• Bookmarks
  • Highlights & Notes
  • Citations
/ 741

matching results for page

    Questia reader help

    How to highlight and cite specific passages

    1. Click or tap the first word you want to select.
    2. Click or tap the last word you want to select, and you’ll see everything in between get selected.
    3. You’ll then get a menu of options like creating a highlight or a citation from that passage of text.

    OK, got it!

    Cited passage

    Style
    Citations are available only to our active members.
    Buy instant access to cite pages or passages in MLA 8, MLA 7, APA and Chicago citation styles.

    "Portraying himself as an honest, ordinary person helped Lincoln identify with his audiences." (Einhorn, 1992, p. 25).

    "Portraying himself as an honest, ordinary person helped Lincoln identify with his audiences." (Einhorn 25)

    "Portraying himself as an honest, ordinary person helped Lincoln identify with his audiences." (Einhorn 25)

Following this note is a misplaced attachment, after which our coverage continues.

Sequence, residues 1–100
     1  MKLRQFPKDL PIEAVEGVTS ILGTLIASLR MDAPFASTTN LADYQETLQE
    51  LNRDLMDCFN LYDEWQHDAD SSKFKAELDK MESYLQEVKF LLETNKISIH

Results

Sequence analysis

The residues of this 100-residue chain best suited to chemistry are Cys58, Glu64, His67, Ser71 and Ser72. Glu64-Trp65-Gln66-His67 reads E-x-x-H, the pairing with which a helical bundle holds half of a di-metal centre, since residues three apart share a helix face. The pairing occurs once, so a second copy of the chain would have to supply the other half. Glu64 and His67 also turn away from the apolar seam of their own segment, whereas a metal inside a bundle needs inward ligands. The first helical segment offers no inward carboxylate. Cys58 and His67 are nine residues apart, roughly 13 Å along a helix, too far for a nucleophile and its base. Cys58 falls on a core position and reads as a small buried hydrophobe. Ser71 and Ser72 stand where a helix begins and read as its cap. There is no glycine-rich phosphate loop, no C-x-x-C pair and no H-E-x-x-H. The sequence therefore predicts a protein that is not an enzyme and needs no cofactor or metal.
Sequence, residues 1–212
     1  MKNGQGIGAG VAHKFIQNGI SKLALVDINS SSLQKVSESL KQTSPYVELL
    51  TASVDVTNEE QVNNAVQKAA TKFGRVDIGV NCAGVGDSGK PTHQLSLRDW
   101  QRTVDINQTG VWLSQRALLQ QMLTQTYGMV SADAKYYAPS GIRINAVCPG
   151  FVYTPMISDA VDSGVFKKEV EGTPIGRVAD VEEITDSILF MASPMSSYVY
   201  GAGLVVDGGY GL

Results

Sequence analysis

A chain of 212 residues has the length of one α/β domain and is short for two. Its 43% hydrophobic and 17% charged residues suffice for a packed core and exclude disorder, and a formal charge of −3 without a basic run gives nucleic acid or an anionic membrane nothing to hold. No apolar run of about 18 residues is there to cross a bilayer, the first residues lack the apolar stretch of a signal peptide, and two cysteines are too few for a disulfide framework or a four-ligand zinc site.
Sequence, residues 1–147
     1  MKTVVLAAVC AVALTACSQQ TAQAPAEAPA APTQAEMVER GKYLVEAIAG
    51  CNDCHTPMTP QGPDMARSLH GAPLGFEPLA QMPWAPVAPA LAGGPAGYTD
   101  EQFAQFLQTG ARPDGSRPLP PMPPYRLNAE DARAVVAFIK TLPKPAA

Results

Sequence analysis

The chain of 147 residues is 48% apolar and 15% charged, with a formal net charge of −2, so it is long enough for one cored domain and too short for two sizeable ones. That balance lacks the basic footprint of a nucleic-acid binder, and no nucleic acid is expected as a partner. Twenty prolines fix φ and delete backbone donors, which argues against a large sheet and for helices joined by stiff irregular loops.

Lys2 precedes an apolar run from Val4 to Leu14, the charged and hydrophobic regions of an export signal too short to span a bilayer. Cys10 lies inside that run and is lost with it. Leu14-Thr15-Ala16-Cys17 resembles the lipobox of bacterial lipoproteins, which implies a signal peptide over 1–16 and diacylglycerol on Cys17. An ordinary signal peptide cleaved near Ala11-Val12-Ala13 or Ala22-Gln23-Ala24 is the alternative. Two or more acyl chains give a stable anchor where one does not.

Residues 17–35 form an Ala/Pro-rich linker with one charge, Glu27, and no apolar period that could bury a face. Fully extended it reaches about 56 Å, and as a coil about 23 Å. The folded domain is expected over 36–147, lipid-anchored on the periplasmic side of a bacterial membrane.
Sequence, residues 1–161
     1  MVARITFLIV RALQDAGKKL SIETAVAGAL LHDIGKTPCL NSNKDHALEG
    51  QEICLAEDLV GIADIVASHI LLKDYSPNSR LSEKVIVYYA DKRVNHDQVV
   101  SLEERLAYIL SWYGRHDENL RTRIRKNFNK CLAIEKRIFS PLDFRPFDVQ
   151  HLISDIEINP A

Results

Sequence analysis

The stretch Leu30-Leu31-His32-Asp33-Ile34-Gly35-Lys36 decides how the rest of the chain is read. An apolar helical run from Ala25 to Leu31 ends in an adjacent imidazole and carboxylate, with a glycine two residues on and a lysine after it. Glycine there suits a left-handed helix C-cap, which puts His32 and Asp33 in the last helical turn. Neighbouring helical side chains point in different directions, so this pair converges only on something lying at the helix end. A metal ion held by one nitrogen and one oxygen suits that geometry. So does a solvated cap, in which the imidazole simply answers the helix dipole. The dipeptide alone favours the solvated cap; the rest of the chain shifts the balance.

"Portraying himself as an honest, ordinary person helped Lincoln identify with his audiences."1

    1. Lois J. Einhorn, Abraham Lincoln, the Orator: Penetrating the Lincoln Legend (Westport, CT: Greenwood Press, 1992), 25, http://www.questia.com/read/27419298.

    Cited passage

    Thanks for trying Questia!

    Please continue trying out our research tools, but please note, full functionality is available only to our active members.

    Your work will be lost once you leave this Web page.

    Buy instant access to save your work.

    Already a member? Log in now.

    Search by... Author
    Show... All Results Primary Sources Peer-reviewed

    Oops!

    An unknown error has occurred. Please click the button below to reload the page. If the problem persists, please try again in a little while.